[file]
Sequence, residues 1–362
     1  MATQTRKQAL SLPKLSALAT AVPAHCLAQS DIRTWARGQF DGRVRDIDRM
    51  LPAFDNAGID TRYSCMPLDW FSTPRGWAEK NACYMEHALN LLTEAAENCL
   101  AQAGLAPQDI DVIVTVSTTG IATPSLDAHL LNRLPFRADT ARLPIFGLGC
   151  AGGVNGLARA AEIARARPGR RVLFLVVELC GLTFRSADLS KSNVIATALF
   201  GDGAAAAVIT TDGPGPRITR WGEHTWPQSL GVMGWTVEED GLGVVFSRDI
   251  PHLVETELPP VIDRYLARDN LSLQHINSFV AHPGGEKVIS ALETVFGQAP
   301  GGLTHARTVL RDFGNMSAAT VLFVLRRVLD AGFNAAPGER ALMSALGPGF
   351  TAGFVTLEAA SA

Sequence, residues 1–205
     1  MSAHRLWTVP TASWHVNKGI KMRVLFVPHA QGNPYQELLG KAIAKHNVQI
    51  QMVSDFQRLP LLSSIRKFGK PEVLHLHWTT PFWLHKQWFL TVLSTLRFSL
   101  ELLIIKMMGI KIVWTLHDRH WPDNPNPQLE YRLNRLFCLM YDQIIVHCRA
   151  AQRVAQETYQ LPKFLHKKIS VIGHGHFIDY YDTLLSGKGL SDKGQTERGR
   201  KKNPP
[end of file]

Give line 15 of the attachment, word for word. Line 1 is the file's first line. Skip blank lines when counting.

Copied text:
   201  KKNPP